" It takes a typical academic radical to think that a single scientific conference somehow is entirely representative of the history and culture of an entire nation!"

Hah! True, too, and kind of addressed by an integration of this point (and others) with their chapter, "Back in the USSA," where the authors attended a socialist conference and concluded that such things as sexual equality are what really motivate most of the nominal socialists who attend -- and who largely don't even really know what socialism is.


Snedcat said...

Yo, Gus, you write, "I learned a few things, such as what, exactly, "exploitation" means to a Marxist. (I had never explicitly tied it to the Labor Theory of Value.)"

True. The example of specialized vocabulary I remember bemusing, confusing, and amusing people was the statement way back when that the right-wing Communists had tried to overthrow Yeltsin, or something like that. I remember trying to explain to a coworker who decided it was some sort of media plot to portray Yeltsin as a leftist and thus acceptable to him (my coworker) and his like-emoted that it was basic Marxist-Leninist terminology. Marxist success requires a proper balance of approaches to political action based on objective (economic) and subjective (psychological and cultural) approaches. If someone overemphasized objective factors (like lots of guns but no revolutionary sentiment among the workers), he was a rightist; someone who overemphasized psychological factors (like worker revolutionary sentiment without guns) was a leftist. If they succeeded, they were Marxists; if they failed, they were right or left deviationists, where deviation supposedly means going too far to one extreme due to lack of proper Marxist purity or whatever, but in practice meaning "he lost" (usually to the ladder-climbing blood-thirsty weasel like, say, Stalin).

Gus Van Horn said...

Good grief: Marxism isn't just evil. It's a rabbit hole of evil...

Snedcat said...

Yo, Gus, you write, "Marxism isn't just evil. It's a rabbit hole of evil..."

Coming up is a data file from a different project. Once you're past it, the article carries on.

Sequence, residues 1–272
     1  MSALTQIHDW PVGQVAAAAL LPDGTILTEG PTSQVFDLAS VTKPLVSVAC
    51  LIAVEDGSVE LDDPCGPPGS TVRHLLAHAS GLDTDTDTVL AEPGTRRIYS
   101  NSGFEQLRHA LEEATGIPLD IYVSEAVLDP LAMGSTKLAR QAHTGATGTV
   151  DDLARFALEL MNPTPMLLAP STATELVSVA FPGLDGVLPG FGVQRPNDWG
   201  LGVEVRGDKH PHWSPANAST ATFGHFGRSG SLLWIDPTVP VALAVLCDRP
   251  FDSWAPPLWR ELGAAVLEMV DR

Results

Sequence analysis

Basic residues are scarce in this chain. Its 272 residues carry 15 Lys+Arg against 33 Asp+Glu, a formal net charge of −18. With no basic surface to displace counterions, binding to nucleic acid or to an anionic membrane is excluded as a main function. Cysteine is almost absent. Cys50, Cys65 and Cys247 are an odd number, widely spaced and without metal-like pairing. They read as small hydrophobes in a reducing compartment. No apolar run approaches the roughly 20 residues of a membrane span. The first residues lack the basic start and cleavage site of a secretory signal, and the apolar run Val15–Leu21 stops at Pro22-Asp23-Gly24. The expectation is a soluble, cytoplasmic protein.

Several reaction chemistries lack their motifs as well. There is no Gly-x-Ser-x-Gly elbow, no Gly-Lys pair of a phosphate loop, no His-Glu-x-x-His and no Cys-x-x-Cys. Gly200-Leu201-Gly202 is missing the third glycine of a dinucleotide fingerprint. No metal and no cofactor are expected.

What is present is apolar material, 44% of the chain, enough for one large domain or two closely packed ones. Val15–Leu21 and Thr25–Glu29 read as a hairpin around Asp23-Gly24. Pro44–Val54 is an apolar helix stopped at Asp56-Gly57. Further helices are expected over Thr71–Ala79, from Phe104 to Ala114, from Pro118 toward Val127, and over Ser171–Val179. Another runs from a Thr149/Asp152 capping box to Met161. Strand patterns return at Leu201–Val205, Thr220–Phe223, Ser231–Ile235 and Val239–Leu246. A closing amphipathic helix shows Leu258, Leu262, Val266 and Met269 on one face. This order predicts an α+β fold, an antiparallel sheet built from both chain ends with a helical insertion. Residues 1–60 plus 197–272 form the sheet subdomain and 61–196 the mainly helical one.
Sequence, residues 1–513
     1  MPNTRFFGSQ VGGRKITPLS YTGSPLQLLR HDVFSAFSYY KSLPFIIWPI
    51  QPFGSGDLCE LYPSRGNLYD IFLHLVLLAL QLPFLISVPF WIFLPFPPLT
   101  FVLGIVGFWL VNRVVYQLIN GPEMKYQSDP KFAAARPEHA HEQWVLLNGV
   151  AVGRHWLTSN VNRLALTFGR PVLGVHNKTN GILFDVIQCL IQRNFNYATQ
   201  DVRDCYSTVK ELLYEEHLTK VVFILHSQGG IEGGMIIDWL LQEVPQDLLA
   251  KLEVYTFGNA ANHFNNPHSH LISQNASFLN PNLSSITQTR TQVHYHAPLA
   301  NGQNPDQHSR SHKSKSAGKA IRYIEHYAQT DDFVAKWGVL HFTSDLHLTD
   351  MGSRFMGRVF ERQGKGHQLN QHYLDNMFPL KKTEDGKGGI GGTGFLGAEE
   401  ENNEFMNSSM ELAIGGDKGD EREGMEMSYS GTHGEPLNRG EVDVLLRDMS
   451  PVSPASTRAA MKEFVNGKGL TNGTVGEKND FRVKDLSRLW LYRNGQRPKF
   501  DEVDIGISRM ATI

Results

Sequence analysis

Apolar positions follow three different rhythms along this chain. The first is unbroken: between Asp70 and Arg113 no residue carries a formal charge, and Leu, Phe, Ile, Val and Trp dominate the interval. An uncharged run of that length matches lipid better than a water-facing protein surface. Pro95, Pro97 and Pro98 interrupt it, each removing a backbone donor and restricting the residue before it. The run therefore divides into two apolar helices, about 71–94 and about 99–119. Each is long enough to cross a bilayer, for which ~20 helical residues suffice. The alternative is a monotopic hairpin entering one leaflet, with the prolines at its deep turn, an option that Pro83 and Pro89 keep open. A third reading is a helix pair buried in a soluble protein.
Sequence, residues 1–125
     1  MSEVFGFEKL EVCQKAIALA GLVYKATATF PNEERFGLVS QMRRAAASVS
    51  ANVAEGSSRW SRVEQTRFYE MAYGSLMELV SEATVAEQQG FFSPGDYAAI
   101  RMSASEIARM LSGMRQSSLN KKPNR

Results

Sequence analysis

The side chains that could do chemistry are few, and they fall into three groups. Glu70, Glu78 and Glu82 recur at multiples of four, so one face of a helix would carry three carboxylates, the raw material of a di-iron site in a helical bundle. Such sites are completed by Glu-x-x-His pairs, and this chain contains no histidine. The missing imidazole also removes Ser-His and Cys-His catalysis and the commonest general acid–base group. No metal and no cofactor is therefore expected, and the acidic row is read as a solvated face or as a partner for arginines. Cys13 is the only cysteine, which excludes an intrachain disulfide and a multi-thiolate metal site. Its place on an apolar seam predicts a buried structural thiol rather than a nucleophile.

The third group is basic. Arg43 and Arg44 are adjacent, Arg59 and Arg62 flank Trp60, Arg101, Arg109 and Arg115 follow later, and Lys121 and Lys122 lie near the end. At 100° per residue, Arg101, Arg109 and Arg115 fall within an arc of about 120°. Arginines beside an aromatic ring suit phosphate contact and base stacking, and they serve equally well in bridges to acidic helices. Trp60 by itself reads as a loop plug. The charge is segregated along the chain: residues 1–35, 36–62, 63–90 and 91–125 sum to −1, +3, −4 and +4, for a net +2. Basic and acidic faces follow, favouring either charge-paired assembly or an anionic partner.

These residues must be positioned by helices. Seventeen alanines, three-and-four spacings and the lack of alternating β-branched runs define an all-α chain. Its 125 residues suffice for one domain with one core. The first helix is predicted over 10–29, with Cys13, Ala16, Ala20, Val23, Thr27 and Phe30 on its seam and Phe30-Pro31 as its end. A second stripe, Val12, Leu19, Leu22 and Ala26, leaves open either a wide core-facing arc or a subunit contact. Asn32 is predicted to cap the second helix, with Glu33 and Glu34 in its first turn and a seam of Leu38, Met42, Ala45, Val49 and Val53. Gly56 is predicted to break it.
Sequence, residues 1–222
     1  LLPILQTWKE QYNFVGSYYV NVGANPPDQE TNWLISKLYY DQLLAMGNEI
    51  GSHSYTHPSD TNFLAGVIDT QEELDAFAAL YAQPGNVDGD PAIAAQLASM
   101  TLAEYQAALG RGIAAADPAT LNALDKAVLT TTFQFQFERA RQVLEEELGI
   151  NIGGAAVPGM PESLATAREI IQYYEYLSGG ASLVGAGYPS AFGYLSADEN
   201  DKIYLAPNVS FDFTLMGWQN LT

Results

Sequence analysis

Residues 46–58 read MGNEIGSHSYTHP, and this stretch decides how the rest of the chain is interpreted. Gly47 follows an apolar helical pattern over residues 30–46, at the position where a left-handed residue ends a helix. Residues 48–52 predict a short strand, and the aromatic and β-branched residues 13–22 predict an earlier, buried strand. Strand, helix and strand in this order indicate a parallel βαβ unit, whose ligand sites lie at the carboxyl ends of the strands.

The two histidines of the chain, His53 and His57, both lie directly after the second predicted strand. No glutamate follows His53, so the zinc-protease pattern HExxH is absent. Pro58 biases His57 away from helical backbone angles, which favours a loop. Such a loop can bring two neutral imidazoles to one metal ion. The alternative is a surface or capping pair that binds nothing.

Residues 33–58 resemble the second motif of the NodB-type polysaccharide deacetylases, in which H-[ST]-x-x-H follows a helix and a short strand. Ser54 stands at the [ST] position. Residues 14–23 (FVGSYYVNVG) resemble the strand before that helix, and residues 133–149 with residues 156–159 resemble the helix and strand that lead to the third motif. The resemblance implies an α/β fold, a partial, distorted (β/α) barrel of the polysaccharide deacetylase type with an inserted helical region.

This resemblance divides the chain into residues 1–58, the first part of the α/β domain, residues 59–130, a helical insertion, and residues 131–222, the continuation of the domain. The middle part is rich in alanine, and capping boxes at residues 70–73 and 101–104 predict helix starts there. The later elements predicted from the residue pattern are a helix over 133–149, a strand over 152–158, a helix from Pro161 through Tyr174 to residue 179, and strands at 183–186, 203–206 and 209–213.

True. At least in the Leninist version and its descendants, it's a lust for power wedded with just enough canniness to seize opportunities and a vaguely humane gloss, at least if you're committed to altruist ideals, to disarm much of the opposition. It recalls to mind one of the more lasting though less enjoyable parts of my high school education. Our history teacher was a retired college professor, and she taught AP history like college-sophomore-level history courses--from the time she was a college sophomore. We used an older, solid college textbook that at that time was till in print and reams of original documents. She gave me extra credit one semester of, yes, reading Mein Kampf--not all of it, because, as she put it, "You don't deserve all of it inflicted on you." She gave me a list of selected chapters, probably about 2/5 of the text, and additional readings of chapters by Gobineau and Chamberlain, the major "scientific racists" before Hitler, and had me write a fairly long paper by modern high school standards (I think 10 pages) comparing and contrasting them on certain issues. So I got a first-hand guided tour of the Nazi mindset, and what is also useful for historical training, its profound differences from earlier racist thought. I later read communist history and thought starting about four years later, when my preferred occupation had shifted to history, and for well over a decade in some detail and too much since then; understanding it is, alas, far too necessary for understanding places I do research in. The similarities in the basic attitude of Nazis and Leninists/Maoists to power and the humanitarian ideals of their day was striking.